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Behavioral Execution Comparison: Are Tests Representative of Field Behavior?
Thursday, 29 March, 2018 - 16:00
Abstract: Software testing is the most widely used approach for assessing and improving software quality, but it is inherently incomplete and may not be representative of how the software is used in the field. This paper addresses the questions of to what extent tests represent how real users use software, and how to measure behavioral differences between test and field executions. We study four real-world systems, one used by endusers and three used by other (client) software, and compare test suites written by the systems’ developers to field executions using four models of behavior: statement coverage, method coverage, mutation score, and a temporal-invariant-based model we developed. We find that developer-written test suites fail to accurately represent field executions: the tests, on average, miss 6.2% of the statements and 7.7% of the methods exercised in the field; the behavior exercised only in the field kills an extra 8.6% of the mutants; finally, the tests miss 52.6% of the behavioral invariants that occur in the field. In addition, augmenting the in-house test suites with automatically-generated tests by a tool targeting high code coverage only marginally improves the tests’ behavioral representativeness. These differences between field and test executions—and in particular the finer-grained and more sophisticated ones that we measured using our invariantbased model—can provide insight for developers and suggest a better method for measuring test suite quality.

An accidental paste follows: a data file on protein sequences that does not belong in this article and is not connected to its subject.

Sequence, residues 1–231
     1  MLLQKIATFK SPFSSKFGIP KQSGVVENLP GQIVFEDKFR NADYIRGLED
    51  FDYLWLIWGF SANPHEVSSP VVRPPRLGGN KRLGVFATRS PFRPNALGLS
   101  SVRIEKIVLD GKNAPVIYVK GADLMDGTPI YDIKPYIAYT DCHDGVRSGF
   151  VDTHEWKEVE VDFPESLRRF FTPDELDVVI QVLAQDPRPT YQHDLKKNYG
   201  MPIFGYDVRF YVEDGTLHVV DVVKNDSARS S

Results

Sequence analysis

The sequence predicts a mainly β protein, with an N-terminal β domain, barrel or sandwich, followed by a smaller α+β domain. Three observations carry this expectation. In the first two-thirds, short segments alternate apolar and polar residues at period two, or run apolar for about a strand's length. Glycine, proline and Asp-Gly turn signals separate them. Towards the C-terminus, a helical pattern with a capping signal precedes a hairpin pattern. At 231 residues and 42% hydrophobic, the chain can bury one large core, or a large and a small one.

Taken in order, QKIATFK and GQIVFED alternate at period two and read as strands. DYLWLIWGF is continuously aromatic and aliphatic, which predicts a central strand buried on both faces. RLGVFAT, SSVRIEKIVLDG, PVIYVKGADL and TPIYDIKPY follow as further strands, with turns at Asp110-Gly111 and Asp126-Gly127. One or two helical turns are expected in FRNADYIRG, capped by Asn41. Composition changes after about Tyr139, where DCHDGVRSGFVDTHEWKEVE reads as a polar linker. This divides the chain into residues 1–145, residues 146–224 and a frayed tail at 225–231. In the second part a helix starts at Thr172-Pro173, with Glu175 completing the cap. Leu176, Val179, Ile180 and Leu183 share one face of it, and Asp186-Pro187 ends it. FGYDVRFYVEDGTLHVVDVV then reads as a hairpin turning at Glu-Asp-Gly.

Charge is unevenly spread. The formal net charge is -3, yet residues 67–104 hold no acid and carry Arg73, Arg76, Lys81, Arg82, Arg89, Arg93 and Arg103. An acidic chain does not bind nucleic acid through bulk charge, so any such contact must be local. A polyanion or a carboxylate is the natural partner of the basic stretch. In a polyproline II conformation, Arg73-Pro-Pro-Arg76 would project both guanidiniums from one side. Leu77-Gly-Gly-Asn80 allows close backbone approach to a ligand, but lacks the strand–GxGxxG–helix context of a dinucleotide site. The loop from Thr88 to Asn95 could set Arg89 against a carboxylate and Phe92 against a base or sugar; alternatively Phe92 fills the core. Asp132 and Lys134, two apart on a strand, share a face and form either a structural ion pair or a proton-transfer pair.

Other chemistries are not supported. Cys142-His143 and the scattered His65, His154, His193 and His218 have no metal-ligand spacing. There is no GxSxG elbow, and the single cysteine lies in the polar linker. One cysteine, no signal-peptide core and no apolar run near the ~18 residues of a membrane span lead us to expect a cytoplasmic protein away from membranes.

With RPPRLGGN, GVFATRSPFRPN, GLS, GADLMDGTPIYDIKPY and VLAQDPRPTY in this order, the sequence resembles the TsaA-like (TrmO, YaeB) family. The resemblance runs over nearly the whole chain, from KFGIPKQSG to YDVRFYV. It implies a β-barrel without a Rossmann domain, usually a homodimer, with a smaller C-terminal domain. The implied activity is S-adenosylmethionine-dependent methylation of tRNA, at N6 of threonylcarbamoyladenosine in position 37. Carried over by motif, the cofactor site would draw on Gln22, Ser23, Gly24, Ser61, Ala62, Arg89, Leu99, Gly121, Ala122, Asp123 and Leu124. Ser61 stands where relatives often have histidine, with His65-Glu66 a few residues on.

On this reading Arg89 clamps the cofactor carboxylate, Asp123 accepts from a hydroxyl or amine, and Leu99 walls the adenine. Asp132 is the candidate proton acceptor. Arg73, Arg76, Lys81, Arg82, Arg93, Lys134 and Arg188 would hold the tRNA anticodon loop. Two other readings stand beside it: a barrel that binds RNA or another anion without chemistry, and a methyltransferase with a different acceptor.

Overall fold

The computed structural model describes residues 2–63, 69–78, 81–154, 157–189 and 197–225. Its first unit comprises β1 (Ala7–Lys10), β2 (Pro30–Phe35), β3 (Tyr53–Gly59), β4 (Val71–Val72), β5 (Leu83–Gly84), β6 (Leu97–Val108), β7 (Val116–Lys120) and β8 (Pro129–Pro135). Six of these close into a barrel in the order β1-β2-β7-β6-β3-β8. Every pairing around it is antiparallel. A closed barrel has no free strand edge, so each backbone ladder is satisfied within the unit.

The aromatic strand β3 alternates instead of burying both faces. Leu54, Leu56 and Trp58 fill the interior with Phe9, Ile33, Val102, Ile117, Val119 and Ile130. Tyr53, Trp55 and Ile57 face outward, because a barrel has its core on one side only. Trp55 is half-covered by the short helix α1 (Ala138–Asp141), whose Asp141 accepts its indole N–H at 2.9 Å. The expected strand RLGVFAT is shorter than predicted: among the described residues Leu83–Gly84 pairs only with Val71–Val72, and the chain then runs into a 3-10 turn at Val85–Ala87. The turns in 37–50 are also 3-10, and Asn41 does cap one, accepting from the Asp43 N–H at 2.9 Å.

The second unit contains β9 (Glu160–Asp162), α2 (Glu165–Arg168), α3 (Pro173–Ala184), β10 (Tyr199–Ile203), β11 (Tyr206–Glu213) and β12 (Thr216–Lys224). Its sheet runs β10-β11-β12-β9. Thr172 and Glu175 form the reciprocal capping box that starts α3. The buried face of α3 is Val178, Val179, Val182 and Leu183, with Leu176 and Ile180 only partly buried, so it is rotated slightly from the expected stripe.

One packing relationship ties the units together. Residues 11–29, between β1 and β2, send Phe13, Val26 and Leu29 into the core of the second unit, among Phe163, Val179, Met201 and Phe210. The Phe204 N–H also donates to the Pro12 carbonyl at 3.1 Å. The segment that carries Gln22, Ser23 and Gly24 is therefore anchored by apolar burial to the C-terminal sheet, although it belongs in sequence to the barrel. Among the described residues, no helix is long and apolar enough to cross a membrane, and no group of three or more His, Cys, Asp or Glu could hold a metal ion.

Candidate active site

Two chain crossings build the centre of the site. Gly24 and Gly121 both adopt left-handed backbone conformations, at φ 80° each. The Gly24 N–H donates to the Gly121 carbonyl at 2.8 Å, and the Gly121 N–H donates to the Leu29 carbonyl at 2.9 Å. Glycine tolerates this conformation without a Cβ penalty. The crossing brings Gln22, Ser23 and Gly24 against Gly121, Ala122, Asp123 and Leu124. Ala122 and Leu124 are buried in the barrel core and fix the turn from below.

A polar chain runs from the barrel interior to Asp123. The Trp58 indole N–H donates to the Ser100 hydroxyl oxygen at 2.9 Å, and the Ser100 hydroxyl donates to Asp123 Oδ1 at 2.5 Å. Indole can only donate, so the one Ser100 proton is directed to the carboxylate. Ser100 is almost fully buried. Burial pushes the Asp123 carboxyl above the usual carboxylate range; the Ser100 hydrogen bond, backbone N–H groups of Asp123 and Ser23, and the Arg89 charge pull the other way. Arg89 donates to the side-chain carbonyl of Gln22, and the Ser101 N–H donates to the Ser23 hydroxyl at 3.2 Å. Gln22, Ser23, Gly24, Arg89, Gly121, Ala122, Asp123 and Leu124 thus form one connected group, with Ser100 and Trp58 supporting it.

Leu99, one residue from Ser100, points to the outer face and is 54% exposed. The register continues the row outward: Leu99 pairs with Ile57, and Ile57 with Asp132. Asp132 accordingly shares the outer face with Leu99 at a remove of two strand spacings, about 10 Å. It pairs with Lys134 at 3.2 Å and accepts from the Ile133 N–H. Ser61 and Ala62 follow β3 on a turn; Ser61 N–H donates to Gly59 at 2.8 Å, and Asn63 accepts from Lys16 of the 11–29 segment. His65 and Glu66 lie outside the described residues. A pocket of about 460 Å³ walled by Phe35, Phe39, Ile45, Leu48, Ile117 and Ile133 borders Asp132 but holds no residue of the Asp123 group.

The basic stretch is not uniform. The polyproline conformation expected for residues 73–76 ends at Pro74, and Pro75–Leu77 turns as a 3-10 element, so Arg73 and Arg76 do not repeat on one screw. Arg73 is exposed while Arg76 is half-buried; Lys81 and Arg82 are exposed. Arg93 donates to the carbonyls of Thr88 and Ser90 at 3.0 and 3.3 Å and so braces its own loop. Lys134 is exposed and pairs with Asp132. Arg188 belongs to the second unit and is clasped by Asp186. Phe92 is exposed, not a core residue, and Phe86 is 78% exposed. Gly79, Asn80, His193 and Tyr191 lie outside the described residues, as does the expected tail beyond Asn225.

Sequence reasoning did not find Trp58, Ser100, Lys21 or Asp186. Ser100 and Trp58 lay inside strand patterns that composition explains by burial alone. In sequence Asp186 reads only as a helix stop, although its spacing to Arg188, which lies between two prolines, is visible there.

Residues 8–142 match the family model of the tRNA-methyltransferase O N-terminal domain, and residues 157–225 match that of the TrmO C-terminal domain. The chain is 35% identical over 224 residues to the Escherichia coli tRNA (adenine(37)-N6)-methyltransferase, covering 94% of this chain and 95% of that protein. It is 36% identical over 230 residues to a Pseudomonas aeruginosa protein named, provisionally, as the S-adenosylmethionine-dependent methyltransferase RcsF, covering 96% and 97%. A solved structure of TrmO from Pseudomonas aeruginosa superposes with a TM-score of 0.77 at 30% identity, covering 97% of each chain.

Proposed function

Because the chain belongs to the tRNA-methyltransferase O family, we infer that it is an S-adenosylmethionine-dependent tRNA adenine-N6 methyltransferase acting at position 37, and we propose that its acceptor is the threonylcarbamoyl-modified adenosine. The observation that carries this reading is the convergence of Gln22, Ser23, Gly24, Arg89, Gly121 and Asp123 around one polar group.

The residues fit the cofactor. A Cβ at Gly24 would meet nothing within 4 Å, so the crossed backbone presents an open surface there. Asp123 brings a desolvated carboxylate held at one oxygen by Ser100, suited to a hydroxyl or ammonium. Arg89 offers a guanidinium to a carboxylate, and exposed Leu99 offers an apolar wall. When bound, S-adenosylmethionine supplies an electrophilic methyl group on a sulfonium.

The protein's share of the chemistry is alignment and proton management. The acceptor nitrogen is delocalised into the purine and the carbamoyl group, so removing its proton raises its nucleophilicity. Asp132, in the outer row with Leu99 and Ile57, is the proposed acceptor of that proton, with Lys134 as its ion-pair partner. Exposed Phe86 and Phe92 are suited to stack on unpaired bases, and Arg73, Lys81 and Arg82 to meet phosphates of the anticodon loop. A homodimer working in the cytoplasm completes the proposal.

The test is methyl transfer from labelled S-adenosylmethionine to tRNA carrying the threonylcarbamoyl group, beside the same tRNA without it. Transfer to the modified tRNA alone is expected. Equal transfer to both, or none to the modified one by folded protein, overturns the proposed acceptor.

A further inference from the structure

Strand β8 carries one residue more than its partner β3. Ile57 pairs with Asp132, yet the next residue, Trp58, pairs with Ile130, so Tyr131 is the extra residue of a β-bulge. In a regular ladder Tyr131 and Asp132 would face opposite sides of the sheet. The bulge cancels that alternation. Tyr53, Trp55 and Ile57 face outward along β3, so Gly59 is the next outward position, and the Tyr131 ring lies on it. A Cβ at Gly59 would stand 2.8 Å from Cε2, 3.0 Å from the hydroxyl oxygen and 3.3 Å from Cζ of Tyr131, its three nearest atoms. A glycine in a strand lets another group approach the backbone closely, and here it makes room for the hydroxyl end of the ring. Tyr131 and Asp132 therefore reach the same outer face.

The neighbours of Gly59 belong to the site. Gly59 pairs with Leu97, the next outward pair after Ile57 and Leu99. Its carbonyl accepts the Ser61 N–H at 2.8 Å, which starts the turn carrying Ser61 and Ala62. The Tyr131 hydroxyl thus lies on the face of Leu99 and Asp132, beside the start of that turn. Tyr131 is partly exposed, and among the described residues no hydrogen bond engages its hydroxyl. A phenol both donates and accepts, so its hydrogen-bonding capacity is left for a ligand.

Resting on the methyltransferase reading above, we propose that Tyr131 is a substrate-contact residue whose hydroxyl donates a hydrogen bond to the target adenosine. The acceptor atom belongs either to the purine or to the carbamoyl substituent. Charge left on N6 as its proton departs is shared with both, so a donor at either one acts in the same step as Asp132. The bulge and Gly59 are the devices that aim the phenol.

Based on: "Behavioral Execution Comparison: Are Tests Representative of Field Behavior?", International Conference on Software Testing, Verification, and Validation (2017) by Qianqian Wang, Yuriy Brun and Alessandro Orso.